Whitehorse Hill

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Whitehorse Hill
Site of Special Scientific Interest
The Manger at White Horse Hill (14812720031).jpg
LocationOxfordshire
Grid referenceSU 300 867[1]
InterestBiological
Geological
Area98.9 hectares (244 acres)[1]
Notification1986[1]
Location mapMagic Map

Whitehorse Hill is a hill in the Berkshire Downs in Oxfordshire, England, west of Wantage. At 261 metres (856 ft), it is the highest point in Oxfordshire. Uffington Castle lies on the summit of the hill, and the Uffington White Horse is on the hill's northern slope.[2][3] The hill and an adjacent area below, including Dragon Hill and The Manger, make up a 98.9-hectare (244-acre) biological and geological Site of Special Scientific Interest.[1][4]

The Manger, a dry valley below the hill, is a Geological Conservation Review site.[5] It provides evidence of solifluction (slow slipping of soil downhill due to repeated freezing and thawing) during at least one cold stage of the Pleistocene.

The site has unimproved chalk grassland with a rich variety of flora, particularly in former chalk quarries. Grasses include upright brome and sheep’s fescue.[6]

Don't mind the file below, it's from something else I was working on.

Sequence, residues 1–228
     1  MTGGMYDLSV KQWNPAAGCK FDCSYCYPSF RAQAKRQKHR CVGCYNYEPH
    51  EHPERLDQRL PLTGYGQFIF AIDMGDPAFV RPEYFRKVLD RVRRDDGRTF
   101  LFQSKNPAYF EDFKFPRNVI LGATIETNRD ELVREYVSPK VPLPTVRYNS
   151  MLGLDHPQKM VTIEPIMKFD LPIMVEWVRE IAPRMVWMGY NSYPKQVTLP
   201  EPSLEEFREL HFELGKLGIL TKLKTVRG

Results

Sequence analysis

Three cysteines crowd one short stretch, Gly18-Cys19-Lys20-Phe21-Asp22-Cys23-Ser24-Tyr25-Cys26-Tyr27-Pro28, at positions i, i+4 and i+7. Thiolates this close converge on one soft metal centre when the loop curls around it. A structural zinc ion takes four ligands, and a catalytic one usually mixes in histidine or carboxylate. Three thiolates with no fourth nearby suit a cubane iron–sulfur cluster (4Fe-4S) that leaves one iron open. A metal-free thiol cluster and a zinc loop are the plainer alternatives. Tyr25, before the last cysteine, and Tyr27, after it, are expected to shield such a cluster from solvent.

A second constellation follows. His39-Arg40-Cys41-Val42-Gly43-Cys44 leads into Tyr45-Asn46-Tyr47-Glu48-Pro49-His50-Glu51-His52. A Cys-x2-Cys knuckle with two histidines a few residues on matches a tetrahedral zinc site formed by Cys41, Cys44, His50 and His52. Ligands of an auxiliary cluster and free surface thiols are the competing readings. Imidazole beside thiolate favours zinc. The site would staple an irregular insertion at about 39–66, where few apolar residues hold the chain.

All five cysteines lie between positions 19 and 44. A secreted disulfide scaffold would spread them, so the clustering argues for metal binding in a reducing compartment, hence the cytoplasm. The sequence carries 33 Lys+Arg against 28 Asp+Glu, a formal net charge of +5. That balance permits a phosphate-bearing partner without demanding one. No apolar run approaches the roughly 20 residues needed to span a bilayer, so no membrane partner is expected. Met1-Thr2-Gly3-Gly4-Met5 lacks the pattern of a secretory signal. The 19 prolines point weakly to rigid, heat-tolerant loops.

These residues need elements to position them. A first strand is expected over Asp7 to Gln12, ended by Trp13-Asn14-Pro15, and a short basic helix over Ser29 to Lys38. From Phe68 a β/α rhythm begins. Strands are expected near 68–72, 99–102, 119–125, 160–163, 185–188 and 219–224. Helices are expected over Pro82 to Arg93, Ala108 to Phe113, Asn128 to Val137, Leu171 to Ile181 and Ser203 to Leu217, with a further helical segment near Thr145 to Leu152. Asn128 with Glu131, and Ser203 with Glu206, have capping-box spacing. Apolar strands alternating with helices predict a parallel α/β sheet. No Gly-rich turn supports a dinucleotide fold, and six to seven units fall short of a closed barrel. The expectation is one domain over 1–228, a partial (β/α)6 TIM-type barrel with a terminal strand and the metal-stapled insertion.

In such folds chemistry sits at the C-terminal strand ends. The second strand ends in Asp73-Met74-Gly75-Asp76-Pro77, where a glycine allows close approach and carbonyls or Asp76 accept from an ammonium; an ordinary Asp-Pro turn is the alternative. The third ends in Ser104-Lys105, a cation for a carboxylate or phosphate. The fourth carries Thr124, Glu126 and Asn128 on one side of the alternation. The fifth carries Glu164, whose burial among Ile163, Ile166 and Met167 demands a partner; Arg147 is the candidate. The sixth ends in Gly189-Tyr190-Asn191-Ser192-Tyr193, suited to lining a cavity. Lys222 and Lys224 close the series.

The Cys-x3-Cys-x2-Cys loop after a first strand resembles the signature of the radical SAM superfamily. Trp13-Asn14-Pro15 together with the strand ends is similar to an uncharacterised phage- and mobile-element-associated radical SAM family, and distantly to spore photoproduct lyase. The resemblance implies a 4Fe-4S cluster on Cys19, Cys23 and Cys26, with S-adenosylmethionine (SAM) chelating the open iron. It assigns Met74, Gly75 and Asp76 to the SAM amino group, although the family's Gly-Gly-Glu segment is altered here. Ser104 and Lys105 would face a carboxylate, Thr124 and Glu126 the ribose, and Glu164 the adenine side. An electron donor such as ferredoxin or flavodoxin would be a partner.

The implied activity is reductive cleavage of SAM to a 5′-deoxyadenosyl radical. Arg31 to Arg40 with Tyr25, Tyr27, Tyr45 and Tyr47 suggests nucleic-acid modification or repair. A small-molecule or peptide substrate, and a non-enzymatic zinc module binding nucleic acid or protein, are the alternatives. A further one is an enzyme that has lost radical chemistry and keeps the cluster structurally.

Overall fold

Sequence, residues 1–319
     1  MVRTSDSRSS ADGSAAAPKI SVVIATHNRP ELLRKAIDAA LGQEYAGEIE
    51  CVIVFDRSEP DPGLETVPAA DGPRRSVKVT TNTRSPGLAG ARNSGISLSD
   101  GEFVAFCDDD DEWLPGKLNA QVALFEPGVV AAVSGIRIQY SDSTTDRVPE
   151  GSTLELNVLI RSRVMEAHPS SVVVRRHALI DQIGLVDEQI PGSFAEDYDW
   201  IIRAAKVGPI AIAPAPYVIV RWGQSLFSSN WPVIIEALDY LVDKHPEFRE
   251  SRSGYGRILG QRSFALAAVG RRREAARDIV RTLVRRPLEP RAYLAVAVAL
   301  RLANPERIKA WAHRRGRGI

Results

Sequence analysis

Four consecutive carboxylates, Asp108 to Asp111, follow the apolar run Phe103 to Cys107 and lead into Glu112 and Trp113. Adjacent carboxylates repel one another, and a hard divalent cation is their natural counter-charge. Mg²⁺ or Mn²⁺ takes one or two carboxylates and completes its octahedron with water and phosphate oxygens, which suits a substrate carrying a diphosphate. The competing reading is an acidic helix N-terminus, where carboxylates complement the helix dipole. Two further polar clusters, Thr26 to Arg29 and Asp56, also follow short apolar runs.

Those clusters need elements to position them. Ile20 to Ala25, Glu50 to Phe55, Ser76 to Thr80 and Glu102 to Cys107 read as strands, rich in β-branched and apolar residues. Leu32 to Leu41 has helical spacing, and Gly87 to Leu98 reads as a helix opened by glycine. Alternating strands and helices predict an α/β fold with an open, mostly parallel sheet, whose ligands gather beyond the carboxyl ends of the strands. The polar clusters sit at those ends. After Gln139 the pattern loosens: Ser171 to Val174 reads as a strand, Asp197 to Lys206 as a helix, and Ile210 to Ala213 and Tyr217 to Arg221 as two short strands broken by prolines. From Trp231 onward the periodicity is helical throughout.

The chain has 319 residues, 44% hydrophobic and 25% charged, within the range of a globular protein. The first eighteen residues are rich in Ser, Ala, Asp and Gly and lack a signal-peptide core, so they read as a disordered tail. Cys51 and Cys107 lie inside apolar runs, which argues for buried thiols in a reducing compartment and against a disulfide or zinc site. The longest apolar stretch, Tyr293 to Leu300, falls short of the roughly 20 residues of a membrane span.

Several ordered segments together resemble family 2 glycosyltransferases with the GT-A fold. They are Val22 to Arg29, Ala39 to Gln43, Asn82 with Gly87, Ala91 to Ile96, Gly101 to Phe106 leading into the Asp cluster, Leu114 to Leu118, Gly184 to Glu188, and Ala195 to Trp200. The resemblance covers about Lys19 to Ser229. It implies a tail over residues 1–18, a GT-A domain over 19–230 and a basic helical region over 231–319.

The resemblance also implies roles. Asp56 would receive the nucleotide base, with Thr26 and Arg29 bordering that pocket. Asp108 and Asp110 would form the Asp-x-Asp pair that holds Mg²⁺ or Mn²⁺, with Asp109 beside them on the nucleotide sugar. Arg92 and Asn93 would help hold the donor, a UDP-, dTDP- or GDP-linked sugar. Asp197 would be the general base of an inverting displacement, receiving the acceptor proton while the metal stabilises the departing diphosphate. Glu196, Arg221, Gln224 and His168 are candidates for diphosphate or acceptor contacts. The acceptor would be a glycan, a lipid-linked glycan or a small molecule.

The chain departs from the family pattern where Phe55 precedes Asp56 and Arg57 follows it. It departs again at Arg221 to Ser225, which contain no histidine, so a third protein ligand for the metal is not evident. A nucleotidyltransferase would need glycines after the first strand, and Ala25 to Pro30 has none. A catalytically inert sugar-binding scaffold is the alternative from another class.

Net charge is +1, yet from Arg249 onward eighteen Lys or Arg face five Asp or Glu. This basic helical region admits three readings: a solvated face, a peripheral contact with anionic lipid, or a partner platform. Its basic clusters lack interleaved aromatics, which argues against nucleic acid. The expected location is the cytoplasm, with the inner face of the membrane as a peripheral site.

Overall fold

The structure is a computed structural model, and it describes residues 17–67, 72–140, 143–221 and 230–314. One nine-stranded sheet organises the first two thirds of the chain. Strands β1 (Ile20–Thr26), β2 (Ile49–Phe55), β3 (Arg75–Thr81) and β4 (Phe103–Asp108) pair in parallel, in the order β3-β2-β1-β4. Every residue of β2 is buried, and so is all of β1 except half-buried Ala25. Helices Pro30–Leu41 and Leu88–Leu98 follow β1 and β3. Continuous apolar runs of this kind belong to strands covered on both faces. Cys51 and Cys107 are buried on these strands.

The Ridgeway National Trail crosses the hill south of Uffington Castle.

References[edit]

  1. ^ a b c d "Designated Sites View: Whitehorse Hill". Sites of Special Scientific Interest. Natural England. Retrieved 30 March 2020.
  2. ^ Historic England. "Uffington Castle: a univallate hillfort immediately north of the Ridgeway on Whitehorse Hill (1008412)". National Heritage List for England. Retrieved 26 February 2020.
  3. ^ Historic England. "The White Horse hill figure 170m NNE of Uffington Castle on Whitehorse Hill (1008413)". National Heritage List for England. Retrieved 30 March 2020.
  4. ^ "Map of Whitehorse Hill". Sites of Special Scientific Interest. Natural England. Retrieved 30 March 2020.
  5. ^ "The Manger (Karst)". Geological Conservation Review. Joint Nature Conservation Committee. Retrieved 26 February 2020.
  6. ^ "Whitehorse Hill citation" (PDF). Sites of Special Scientific Interest. Natural England. Retrieved 30 March 2020.

Coordinates: 51°34′41″N 1°34′05″W / 51.578°N 1.568°W / 51.578; -1.568